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### Course: Class 10 Physics (India) > Unit 1

Lesson 6: Mirror formula derivation (Bonus)# Mirror formula derivation

In this video, we will derive the mirror formula (expression connecting u,v, and f) and magnification formula. We will use a concave mirror to do it. Created by Mahesh Shenoy.

## Want to join the conversation?

- If we are supossing sperical mirror to be a plane mirror the why not is showing the properties of plane mirror(1 vote)
- we are taking a small portion of the spherical mirror and saying that , the small portion exhibits properties of a plane mirror. We aren't saying they are the exact same(11 votes)

- *"At8:07, why do we divide the equation formed only by uvf?"*(5 votes)
- Because uvf is common in the equation(1 vote)

- An object is placed 20cm infront of a plane mirror. The mirror is moved 2 cm towards the object. The distance between the position of original and final image seen in the mirror(1 vote)
*Hey Keshab!*

Since the object is moved 2cm, the image will also move 2cm

Hence, 2cm is the difference*Hope it helps. Feel free to comment if your doubt persists...Have fun learning :)*(3 votes)

- at4:02What are
**similar**triangles?(2 votes) - 4:14the yellow triangle doesnt have a 90 degree angle as the side is a concave mirror(1 vote)
- This only works for the cases where real images are formed by the concave mirror though, right? What about the case where the object is kept between the principal focus and the pole of the mirror? Is there a proof for that too?(1 vote)
- Works for convex mirrors too. For the case of object placed between principal focus and pole, we don't have the statistics for the image to even prove it. But If I am not wrong, the image will follow the formula.(1 vote)

- at3:48, how is that a triangle? it has a curved side.(1 vote)

## Video transcript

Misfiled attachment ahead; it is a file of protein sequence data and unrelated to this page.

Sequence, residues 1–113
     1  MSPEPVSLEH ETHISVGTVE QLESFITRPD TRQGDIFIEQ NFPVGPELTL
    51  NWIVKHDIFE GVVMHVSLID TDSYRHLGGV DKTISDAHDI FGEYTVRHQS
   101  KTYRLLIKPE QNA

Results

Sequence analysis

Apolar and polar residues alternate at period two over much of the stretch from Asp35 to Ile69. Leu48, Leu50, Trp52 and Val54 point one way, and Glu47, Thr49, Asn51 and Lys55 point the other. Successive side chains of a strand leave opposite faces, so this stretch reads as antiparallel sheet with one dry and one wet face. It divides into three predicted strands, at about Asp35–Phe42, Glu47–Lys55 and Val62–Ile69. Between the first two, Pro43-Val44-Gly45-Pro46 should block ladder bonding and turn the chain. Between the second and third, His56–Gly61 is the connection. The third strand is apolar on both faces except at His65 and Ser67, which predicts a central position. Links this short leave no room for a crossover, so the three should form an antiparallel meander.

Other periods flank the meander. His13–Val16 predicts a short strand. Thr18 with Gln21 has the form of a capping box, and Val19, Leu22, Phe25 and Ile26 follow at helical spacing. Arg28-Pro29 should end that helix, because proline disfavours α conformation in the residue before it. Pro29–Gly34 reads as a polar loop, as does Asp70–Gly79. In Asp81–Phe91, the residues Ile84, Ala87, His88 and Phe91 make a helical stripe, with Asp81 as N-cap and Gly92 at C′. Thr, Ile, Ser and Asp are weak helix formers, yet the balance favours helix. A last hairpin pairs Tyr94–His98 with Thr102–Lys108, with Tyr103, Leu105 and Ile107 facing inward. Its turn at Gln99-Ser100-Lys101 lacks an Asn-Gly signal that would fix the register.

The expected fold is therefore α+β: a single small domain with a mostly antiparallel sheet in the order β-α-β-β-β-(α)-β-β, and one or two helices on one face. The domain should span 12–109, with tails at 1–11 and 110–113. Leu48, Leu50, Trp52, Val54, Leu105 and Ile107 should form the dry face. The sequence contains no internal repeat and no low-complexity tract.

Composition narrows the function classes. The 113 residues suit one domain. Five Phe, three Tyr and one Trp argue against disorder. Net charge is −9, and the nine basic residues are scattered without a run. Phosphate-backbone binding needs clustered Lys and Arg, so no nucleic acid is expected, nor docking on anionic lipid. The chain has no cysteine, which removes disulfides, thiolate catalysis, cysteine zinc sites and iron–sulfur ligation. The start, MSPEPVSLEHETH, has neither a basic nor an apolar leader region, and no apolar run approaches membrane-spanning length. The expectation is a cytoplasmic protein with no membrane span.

in this video we're gonna figure out mathematically how to calculate the image distance and the image height when the object height the object distance and the focal length of a mirror is given to us so mathematically speaking we are giving the values of H oh the height of the object object distance U and and the focal length F so this these things are these things are given to us so these are given given these we need to figure out the image distance and the image height so we need to find out what V is and what hatch is and so if you think about it carefully this looks like a map problem it's longer a physics problem because you can treat it treat this whole thing like some kind of a geometrical figure where some of these sides are given to us and we need to find some unknown sides all right so let's do that so let's focus on what we want to calculate we need to calculate V that is this distance and hatch I that is this length over here and notice what's given to us let's focus on these two things H always given to us and you that is this distance is given to us can we somehow connect them that's the question can we somehow connect this distance and this height this distance and this height if you look at this figure carefully and in fact if you look at these two triangles carefully we can figure it out so let me let me highlight those triangles we're focusing on these two triangles because their sides are what we are interested in now if you look at them carefully notice that they're similar triangles let's see how notice that they have one of these angles equal because they're both 90 degrees they also have these angles over here equal the reason they are equal is because one is the angle of incidence and one is the angle of reflection and laws of inflexion tell us that this should be equal to that which means the other angle the other angle should also be equal making these two triangles similar to each other and what is the speciality of similar triangles well their sides are in the same proportion therefore by looking at these two triangles we can write down that the height of the image that is this side divided by this side the height of the object divided by this side that has to be equal to the ratio of these two sides have to be equal to ratio of any other two sides that has to be equal to ratio of this side and this side you get that this side is V so has to be equal to ratio of we divided by this side you and so notice what we have done we have found a connection between the quantities that we want but we're not done yet because not is that H I and V are both unknowns and we have one equation with two unknowns we can't solve it so we could say well this is one equation for us if we're gonna get another equation in H I and V and then we are done so to find the second equation let's just get rid of this triangles first alright now to find the second equation we're going to bring F into the picture because F is also given to us and what I want you to do now is pause the video and see if we can come up with a set of similar triangles just like what we did over here but which has F as one of its side lengths just look at this just just explore that all right let's see F is over here this side P F that is the focal length F all right and now you can see this one triangle over here a little bit weird looking which has that side but that's weird because it doesn't have a right angle we want right angle triangles okay however you can look at this triangle over here can you see this triangle over here has the F or as one of its length and that triangle will be similar to this triangle over here so let me highlight those again we are focusing on these two triangles because they are similar to each other as we'll see and their side lengths are what we are interested in that's the whole idea okay so notice that this is right angle it should be already no this is also a right angle right this is also right angle and then notice these angles are equal to each other because they're vertically opposite which means the other angle will also be the same and therefore we can now say these two are similar triangles but before we proceed we might have question we were like wait wait wait this is a curve that's not a triangle this is not a straight line it's a curve so how can we treat it as a as a triangle well here's where we need to understand one approximation this is a spherical mirror which means it's a part of a sphere but look at where the center of curvature is and so if we redraw that complete sphere you can see a part of that entire I'm only drawing a circle but imagine it's a sphere that sphere is humongous compared to the part that we have chosen right and whenever you take a big sphere and you concentrate on a very tiny patch of that we can pretty much treat it to be a flat land or we can treat it to be a flat patch just like just like how earth is huge is a big sphere but when you look at a small patch of Earth it looks like flat so similarly we can assume that this mirror this curved part of the mirror is pretty much flat because it's a small part of that entire sphere alright so hopefully that justifies our claim that you know we can approximate this to be a straight line and therefore we can do the same thing that we did here we're going to exploit the properties of similar triangle their ratios are in the same proportion again I want you to pause the video and see if you can write that yourself alright let's see so if you take this side H I H I and divide by this side well what's this side equal to mm well if you look carefully that is nothing but H oh alright so that is hedge oh that will be equal to this side divided by this side well what is this side equal to hmm that's not something that we want right but we can convert it into something that we want notice this is equal to we minus F look at that carefully so that is we minus F divided by this side which is f you may be wondering if you're wondering why we're not taking the other side well that's not really because the hypotenuse is what we are not interested in right we are only interested in the sides which are over here and that's why we are not taking the hypotenuse all right and so this now forms our second equation because notice we now have two equations with two unknowns and so we can solve it alright so again it's a great time to pause the video and see if you can solve this yourself a give small clue whoa first try to connect vu and F only an equation containing vu and F can you can you try that again another clue look the left-hand side is the same which means the right-hand side must also be equal to each other just go ahead and try all right let's do that let's make some space for the algebra the geometry is pretty much done all we have to do now is algebra over here so since the left-hand side is equal we could say the right-hand sides are also equal to each other and therefore we could now say that V divided by U has to be equal to V minus F we minus F divided by F and strictly speaking we have gotten what we wanted this is the only unknown and U and F are known to us so you found out the relationship but you know this looks pretty ugly so we're gonna you know we're gonna try and make it a little bit pretty and so let's get rid of the denominator let's cross multiply what would we get we'll get V times F V times F equals if you multiply that over here you get UV u e- u F minus u times F in fact I've made it even more ugly so what you're trying to do is come up with an equation that makes it it becomes easier for us to remember because we don't want to derive this over and over again and do that one last step we'll do is we'll divide this whole thing by UV f and we'll see that we end up with a very simple equation now at least at a simple looking equation alright so if you divide the whole equation by UV F notice V and F cancel over here and so you end up all on the left hand side one or you that equals to note is UV cancels over here so you end up with one or F minus 1 or V over here and if you do one last manipulation to this equation we'll add 1 over V on both sides you will end up with the grand-grand equation that really wanting 1 over F equals 1 over F equals 1 over u plus 1 over V and there we have it given F and u we can now calculate the image distance from this and if we substitute that image distance in equation one we can now calculate what the height of the image is so there it is but one problem is that this is not a general formula so I don't want to box it as of now because we only derive this for a concave mirror and that - for real images what if the image is virtual what if you're dealing with the convex mirror are this will the same formula hold good maybe they will change right so in another video we'll see how to make a general formula which can be used for all the cases convex concave real virtual whatever you want we can use it so we'll do that in another video